How A Sealed-Bid Auction Works

With real estate sales and acquisitions picking up as the market strengthens in the US, we’re seeing people choose more aggressive methods of selling and buying real estate. One of these methods is auction. With roots dating as far back as 500BC, auctions are anything but a new and novel way to transact real estate. In fact, the sheer success of auctions has led it to become a preferred way to handle real estate, whether it be residential or commercial.

Gavel

Auctions come in different shapes and sizes. For the brave, there’s the absolution auction, also known as an auction without reserve. It’s simple because real estate is sold to the highest bidder, regardless of how high or low the bid is. Then we have a minimum bid auction, in which the bidders have to bid over a certain dollar value, also known as the minimum bid. This mitigates risk for the seller, as he or she knows that the property will sell above the specified amount.

Another popular auction is the reserve auction, in which the seller can publish, or leave unpublished the reserve price. The seller eventually reserves the right to accept or reject the highest bid, give him or her maximum control over the process. Also widely used is the sealed bid auction, which works much like a conventional real estate sale. To better explain this auction process, Asad Kausar, our commercial real estate marketing manager has broken it down into four steps.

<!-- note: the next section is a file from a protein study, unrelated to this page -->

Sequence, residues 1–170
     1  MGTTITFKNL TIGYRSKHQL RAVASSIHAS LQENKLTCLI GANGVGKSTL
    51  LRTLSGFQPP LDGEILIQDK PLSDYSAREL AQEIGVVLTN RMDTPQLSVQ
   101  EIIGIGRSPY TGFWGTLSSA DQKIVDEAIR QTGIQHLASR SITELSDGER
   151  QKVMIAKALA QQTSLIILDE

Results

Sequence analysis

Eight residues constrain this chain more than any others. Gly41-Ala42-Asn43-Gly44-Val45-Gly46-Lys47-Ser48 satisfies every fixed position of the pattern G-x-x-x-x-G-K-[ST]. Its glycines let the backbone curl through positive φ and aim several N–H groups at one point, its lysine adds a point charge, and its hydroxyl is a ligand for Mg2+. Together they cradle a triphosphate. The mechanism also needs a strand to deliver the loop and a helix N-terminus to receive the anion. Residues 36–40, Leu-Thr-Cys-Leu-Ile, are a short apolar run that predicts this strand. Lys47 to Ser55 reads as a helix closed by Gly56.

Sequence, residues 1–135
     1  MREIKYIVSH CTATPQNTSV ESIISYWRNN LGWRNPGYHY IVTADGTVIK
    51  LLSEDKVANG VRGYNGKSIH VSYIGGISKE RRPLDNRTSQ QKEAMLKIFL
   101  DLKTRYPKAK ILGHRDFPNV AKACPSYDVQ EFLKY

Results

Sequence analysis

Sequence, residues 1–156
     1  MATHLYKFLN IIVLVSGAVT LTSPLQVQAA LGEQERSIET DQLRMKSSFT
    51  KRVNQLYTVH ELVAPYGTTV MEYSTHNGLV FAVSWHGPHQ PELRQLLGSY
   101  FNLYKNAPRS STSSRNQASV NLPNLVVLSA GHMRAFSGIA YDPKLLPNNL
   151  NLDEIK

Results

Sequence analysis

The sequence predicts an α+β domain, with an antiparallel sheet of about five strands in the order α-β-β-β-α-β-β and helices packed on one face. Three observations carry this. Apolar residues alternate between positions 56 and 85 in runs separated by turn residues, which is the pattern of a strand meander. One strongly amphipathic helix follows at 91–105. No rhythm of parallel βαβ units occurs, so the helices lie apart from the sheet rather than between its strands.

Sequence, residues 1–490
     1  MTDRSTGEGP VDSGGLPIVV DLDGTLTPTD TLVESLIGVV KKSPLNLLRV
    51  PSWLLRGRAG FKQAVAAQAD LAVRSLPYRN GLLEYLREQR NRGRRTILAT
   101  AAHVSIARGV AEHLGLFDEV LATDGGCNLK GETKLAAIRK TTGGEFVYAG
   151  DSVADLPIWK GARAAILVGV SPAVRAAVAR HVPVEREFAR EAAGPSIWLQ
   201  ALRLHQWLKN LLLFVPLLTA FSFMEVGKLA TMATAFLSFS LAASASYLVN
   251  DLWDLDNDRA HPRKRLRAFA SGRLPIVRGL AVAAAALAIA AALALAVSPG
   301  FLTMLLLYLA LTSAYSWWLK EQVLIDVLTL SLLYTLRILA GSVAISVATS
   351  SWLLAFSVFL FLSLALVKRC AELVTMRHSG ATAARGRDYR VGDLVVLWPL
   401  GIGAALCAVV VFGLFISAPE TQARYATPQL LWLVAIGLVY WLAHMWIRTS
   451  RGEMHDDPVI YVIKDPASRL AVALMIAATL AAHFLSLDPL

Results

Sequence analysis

Auction House

1 – Submit Sealed Bid

Bidders submit their sealed bid within the auction bidding window, as stated in provided due diligence package, also known as the Bidder’s Information Package. The bid is formally submitted by filling out the approved Purchase and Sale Agreement provided in the due diligence package. The bid is typically submitted with a cashier’s check, which goes hard if the bid is accepted, and is used for earnest money.

2 – Seller Evaluates Bid

The bid (signed contract + cashier’s check) is submitted to the Seller for evaluation. The seller reserves the right to accept or reject the bid. The bidder has nothing to lose, because if they seller accepts, then the bidder wins. If the seller rejects the bid, the cashier’s check along with contract are returned.

3 – If Seller Accepts Bid

If the seller approves bid, the cashier’s check is used towards the required earnest money. The buyer is expected to typically deposit a percentage of the total purchase price for earnest money within a specified duration.

4 – If Seller Disapproves Bid

Conversely, if the Seller disapproves your bid, the check is returned to you. There is some room for negotiation here typically, and we’ll try our best to execute the deal at favorable terms, both for the seller and bidder.

With both time and money being important factors in the sale and purchase of real estate, the auction provides a highly opportunistic avenue for buyers and sellers to perform transactions.

By | 2018-03-24T22:26:51+00:00 March 24th, 2018|Architecture, Buildings, Construction|